“So what has happened as a result is that a lot of the elders are isolated. And most tribal communities are very communal,” Curley added. “They visit one another, they have very deep ties to their families. Now they’re cut off from those social gatherings where they can talk and meet up with their families.”
The psychological damage inflicted by the pandemic is widespread, he said. “Elders are walking encyclopedias and now they’re impacted. Even in my own family,” he continued. “Four of my elders, who are my aunts, all in their 80s, have been impacted. I have a couple of cousins that have passed away from the pandemic. So personally, I have felt it. The traditional ways of burial and grieving, you can’t do that now, and that leaves a hole in a person’s psyche.”
Tribal medical facilities, meanwhile, are underresourced and overworked. The Tuba City Regional Medical Center, which serves a largely Navajo population in northern Arizona, is “beyond capacity,” Curley said. When one of his aunts fell ill, she was flown hundreds of miles away to Scottsdale. It’s too far for Curley’s cousins to travel. “So the family is disrupted,” he explained. Overall, he added, the pandemic “is going to have a major impact. Not only by changing communities, or on health. I think there will be something like PTSD in the elders.” The Navajo Nation has reported 7,914 positive cases of COVID-19, with 378 dead.
“I keep hearing from Indian people who say, we survived the smallpox blankets, we’ll survive this. I love the optimism, but I think one has to be realistic as well. This is going to have a profound effect on Indian country,” he added.
Native seniors face threats specific to their circumstances. But they also aren’t the only ones in trouble. People of color are overall more likely to age into poverty. Abandoned by a patchwork system of eldercare, they were vulnerable long before COVID-19 struck. “Often the lowest-quality nursing homes are the ones that serve the greatest proportion of Black and brown older people,” Prindiville explained. Those facilities, which tend to be loosely regulated and often pay workers poverty wages, have since become viral hot spots. It’s a situation Prindiville believes that facilities could have prevented if they tried. It’s not a problem of financing, he added. “We’ve seen evidence over the last ten years that nursing facilities are highly lucrative, and have become places where there’s actually a lot of private-equity investment as part of broader real-estate investment packages,” he said. The profits just aren’t trickling down. Not to workers, and not to residents either.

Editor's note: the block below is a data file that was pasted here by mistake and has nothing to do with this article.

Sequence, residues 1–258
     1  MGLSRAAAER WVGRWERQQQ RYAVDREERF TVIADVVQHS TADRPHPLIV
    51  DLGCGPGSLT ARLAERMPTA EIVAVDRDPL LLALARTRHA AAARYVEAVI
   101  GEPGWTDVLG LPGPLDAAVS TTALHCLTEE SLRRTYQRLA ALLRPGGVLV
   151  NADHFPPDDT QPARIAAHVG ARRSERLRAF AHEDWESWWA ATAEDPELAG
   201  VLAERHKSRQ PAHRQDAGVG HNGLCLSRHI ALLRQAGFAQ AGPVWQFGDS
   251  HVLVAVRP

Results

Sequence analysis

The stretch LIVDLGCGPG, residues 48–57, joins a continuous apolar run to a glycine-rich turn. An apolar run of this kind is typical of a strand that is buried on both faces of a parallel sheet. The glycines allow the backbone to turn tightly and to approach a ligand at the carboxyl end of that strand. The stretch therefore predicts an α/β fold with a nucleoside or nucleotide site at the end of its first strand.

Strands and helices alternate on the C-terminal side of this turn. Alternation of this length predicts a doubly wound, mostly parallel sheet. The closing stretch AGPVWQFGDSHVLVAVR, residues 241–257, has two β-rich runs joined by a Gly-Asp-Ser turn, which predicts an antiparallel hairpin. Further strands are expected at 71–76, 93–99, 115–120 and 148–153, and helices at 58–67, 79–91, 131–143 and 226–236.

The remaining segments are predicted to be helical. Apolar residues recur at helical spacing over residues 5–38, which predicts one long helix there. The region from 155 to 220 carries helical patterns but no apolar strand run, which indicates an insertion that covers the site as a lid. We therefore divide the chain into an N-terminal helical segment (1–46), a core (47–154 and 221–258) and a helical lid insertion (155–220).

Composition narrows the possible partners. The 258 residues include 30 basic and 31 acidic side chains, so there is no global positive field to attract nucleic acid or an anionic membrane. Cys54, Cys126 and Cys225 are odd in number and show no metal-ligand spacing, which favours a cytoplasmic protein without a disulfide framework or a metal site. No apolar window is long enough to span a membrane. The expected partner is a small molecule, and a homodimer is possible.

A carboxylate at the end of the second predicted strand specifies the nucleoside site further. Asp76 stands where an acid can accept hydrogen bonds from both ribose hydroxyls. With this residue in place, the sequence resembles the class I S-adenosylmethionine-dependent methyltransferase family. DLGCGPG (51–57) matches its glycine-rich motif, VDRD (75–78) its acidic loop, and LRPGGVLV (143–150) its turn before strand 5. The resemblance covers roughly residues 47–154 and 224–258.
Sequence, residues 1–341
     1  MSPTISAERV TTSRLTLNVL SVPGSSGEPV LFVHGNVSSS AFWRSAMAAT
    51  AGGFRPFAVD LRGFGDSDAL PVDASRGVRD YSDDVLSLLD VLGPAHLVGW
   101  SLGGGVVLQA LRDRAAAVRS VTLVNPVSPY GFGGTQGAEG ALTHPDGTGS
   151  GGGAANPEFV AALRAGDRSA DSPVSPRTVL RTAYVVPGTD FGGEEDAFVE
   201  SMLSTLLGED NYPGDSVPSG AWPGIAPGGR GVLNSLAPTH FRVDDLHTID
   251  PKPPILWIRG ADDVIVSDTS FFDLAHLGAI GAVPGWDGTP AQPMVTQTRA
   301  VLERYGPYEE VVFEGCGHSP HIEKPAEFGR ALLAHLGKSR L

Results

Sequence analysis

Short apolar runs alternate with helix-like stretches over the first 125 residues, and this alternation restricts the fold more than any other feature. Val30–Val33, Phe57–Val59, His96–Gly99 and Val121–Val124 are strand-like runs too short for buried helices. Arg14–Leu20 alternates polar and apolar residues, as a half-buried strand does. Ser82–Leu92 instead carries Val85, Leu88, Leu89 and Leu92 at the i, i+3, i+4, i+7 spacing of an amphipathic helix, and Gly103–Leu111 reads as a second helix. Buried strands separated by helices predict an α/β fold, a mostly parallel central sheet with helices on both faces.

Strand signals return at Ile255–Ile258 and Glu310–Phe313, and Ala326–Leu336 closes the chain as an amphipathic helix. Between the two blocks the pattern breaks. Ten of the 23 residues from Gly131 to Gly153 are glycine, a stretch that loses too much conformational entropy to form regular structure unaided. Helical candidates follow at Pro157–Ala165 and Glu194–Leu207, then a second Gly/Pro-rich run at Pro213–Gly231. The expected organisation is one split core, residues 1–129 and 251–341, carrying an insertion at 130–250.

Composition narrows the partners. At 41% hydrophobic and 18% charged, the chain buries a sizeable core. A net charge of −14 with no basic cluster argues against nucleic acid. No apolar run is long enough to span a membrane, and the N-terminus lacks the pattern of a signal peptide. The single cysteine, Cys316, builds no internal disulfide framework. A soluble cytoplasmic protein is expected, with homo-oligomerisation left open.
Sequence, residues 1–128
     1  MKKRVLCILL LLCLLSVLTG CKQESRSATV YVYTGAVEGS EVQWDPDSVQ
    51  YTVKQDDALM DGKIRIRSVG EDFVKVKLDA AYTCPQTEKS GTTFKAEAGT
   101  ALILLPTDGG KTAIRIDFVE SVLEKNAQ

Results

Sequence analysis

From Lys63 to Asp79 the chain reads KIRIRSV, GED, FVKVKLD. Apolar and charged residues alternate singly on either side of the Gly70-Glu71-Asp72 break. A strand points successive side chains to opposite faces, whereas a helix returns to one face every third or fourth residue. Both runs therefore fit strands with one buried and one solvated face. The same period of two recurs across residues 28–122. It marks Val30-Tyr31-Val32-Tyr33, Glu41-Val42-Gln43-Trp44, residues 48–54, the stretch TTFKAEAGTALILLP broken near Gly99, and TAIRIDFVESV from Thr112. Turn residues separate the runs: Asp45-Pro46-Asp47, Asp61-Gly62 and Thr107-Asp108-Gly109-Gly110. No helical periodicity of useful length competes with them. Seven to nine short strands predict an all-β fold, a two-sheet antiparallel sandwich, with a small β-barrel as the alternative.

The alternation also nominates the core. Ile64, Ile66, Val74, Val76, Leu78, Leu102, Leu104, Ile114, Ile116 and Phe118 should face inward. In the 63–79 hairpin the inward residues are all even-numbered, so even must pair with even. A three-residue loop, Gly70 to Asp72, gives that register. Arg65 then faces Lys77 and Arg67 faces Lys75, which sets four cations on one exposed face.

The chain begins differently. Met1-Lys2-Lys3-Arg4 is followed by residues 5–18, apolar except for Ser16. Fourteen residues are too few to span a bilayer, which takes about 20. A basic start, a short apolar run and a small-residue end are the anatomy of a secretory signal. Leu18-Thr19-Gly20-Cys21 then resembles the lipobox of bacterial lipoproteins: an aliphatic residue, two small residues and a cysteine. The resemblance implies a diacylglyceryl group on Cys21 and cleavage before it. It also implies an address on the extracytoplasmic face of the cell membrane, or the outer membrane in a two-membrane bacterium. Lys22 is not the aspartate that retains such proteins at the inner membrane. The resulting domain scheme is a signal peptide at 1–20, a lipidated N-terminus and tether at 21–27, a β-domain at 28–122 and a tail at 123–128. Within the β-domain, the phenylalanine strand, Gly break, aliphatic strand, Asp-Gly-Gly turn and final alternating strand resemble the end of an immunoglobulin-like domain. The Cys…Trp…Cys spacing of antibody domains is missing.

For seniors and the people who love them, the pandemic sets up an urgent question. What could a more humane system of eldercare look like? Richards, with the AARP, said there are some immediate remedies that her organization favors. The AARP has lobbied Congress for better protective gear in long-term facilities, in addition to better staffing and improved transparency from facilities themselves. “We think also that the care facilities need to report publicly on a daily basis if there are confirmed COVID cases,” she added. Nursing homes, meanwhile, are fighting transparency as hard as they can; according to the AARP, nearly 20 states have passed laws or issued orders that grant long-term care facilities broad legal immunity for actions undertaken during the pandemic. The AARP opposes those measures.
Prindiville, meanwhile, describes the fight ahead in broader terms. “Too often, once older people have high needs we seek to institutionalize them, to segregate them, to put them somewhere else that is separated from their community,” he said. “And to us, that major system reform that we could be looking at out of this pandemic is to dramatically shift away from that overreliance on institutions, particularly these nursing facilities where they’ve got 150 people living together and they’re all high needs.” To Prindiville, that means creating supports for caregivers and seniors alike so that they’re less isolated, and more integrated into community life. That might look like building facilities into neighborhoods, where the elderly can mix with families and young professionals, or making facilities small, with plenty of light and green space, as Justin Davidson recently explained for Intelligencer.
The long-term solution, in other words, may be to recognize something that should have been obvious a long time ago. The elderly are no more or less human than they were in their 20s. They aren’t a contagion to be sequestered, or a burden to reluctantly tolerate. Whatever system we build from the ruins of the moment, it ought to be as inclusive as the experience of old age itself.
This piece has been updated to include comment from a spokesperson for Governor Andrew Cuomo.